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In the early stages of Parkinson disease, your loved one can likely handle most tasks without help. But over time, you may find yourself taking on more and more responsibilities. Keep in mind that you can’t take good care of someone else if you don’t take care of yourself, too. So be sure to take breaks when you need them. It’s not being selfish. It’s vital.
It’s OK to spend time outside your role as caregiver. It may not feel right at first. But even simple things can help ease stress. Try these tips:
Go to a movie or concert.
Have a meal with friends.
Read a book or write in a journal.
Take a walk.
Pursue a hobby.
Take a long bath.
Taking care of your loved one may leave you feeling frustrated, sad, or worn out. This isn’t a sign you’re doing something wrong. It’s completely normal. However, be on the lookout for signs of depression. These include feeling sad, guilty, tired, or helpless most of the time. Other signs include trouble sleeping, and loss of interest in activities or food. If you notice these signs in yourself, or in your loved one, talk to a doctor. Depression can and should be treated.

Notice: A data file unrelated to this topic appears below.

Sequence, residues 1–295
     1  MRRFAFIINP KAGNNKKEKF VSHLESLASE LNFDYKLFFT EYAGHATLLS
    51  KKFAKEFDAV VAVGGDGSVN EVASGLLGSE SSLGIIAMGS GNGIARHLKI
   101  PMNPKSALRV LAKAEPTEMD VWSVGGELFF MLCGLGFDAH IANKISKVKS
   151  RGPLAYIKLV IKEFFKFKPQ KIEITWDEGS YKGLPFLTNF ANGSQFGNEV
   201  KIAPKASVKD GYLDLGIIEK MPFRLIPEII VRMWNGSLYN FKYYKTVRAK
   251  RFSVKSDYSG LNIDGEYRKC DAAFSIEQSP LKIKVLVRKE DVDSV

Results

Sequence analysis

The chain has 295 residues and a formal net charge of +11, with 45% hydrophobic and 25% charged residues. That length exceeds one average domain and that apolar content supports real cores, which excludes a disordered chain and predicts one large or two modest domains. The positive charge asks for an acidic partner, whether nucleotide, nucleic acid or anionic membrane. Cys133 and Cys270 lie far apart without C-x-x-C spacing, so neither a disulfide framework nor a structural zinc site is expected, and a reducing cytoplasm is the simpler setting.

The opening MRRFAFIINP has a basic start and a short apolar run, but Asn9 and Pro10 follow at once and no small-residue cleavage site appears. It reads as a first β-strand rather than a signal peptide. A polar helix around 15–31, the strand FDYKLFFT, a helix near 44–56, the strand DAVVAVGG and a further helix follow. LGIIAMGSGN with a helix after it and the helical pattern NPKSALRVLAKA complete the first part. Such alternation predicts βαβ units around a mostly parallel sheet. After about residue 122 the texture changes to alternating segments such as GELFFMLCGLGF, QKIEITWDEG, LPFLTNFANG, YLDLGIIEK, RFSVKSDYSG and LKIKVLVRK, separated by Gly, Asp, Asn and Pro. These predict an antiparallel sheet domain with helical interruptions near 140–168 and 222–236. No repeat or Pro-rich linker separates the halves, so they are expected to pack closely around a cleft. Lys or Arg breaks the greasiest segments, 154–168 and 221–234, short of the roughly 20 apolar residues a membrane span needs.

Caring for someone with Parkinson disease takes more than a single person. So learn to accept help when it’s offered. And be willing to ask for help when you need it. People who care about you and your loved one really do want to help. You can also talk to the doctor or a social worker about options for respite care (temporary help). This can range from adult day care to a home health aide who cares for your loved one a few times each month.
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